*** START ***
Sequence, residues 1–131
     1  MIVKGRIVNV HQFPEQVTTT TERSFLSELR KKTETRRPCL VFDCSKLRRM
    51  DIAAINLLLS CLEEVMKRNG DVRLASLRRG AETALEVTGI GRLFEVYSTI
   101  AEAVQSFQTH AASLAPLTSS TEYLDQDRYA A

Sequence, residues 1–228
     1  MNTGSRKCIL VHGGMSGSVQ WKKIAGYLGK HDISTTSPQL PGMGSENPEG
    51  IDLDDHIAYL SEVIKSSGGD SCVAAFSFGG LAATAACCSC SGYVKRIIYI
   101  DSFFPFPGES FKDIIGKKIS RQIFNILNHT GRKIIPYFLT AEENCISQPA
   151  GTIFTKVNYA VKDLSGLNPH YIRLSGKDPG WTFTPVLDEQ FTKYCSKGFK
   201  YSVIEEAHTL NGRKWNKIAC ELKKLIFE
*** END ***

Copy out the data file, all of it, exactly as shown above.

Sequence, residues 1–131
     1  MIVKGRIVNV HQFPEQVTTT TERSFLSELR KKTETRRPCL VFDCSKLRRM
    51  DIAAINLLLS CLEEVMKRNG DVRLASLRRG AETALEVTGI GRLFEVYSTI
   101  AEAVQSFQTH AASLAPLTSS TEYLDQDRYA A

Sequence, residues 1–228
     1  MNTGSRKCIL VHGGMSGSVQ WKKIAGYLGK HDISTTSPQL PGMGSENPEG
    51  IDLDDHIAYL SEVIKSSGGD SCVAAFSFGG LAATAACCSC SGYVKRIIYI
   101  DSFFPFPGES FKDIIGKKIS RQIFNILNHT GRKIIPYFLT AEENCISQPA
   151  GTIFTKVNYA VKDLSGLNPH YIRLSGKDPG WTFTPVLDEQ FTKYCSKGFK
   201  YSVIEEAHTL NGRKWNKIAC ELKKLIFE